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The study revealed that pollution in the are run off water was measurably reduced after running through the ecosystem. Ron Turco, a soil microbiologist and senior researcher of the project had this to say, "Golf courses are a perfect place for constructed wetlands used as part of a water management system, because wetlands can filter chemicals out of surface water, and they can also store excess water during storms," ("Cleaning Water and Controlling Flooding with Wetlands" 53) So there may be some hope on the back nine for some wetlands after all. But all kidding aside, this is the type of project, smaller and more immediate, that needs to be funded along with the philosophy of co-habitation of wetlands and human beings kept in mind. This kind of thinking helps to counter the "manifest destiny" concept that the American culture has in regarding land and their possession of it. It is this arrogance than American's can conquer and subdue any environment that has put many flood victims into their situations.
There are a number of difficulties that wetlands face, most certainly on more local levels as well. Some of the most difficult and stringent protections for people and their own habitats. The legislation refereed to as PPRA, or the Private Property Rights Act, has hampered many local environmental groups from being able to work on the state level. This act requires that all alternative means are exhausted before the private property of any individual is seized by the state, and for wetlands the figures are dire:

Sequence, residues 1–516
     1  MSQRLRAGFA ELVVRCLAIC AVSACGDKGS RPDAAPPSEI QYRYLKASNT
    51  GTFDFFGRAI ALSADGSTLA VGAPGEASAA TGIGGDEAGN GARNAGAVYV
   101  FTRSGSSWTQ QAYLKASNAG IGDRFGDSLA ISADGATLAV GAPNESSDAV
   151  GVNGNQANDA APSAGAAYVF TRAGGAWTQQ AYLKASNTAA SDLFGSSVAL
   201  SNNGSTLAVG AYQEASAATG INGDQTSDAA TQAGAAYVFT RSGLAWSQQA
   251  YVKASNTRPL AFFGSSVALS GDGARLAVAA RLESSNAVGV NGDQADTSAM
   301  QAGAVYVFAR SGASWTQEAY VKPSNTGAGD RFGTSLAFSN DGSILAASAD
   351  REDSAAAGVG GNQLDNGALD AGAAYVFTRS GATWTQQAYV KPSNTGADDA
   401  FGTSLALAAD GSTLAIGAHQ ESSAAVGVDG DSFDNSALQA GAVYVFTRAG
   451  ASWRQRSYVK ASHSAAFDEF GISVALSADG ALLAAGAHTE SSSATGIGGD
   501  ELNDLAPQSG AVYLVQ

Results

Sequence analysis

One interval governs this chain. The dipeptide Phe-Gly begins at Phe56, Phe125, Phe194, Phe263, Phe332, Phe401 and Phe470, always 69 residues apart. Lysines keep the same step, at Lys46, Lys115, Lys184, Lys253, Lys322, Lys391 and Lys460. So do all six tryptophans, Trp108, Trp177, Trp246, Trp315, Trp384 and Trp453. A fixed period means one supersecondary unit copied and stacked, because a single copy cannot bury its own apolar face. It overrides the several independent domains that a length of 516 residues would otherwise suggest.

The number of wetland acres in states subject to any kind of PPRA is approximately 60 million acres. These represent 21% of the total wetland acres in the United States (52% excluding Alaska). The number of acres subject to generally applicable PPRAs is approximately 40 million acres. These represent approximately 14% of wetlands in the United States (34% excluding Alaska). (Hecht)
The PPRA's were enacted in order to correct a trend that local state agencies were using to give land to large corporations for use. The great number of wetlands that are in Alaska tend to skew the percentage figures presented, which is why the author shows both data with and without.
Even other legislation enacted for environmental protection often leads to capricious and disastrous results for wetlands in general as in this scenario:
The court ruled that the U.S. Army Corps of Engineers acted reasonably in granting a dredge and fill permit to the developer, pointing out that any of the alternatives to development would probably cause greater environmental harm. Conditions for issuing such permits are set out in section 404 of the Clean Water Act. The 10th U.S. Circuit Court of Appeals in Denver decided the case, Greater Yellowstone Coalition v. Flowers, in March. (Lawlor 38)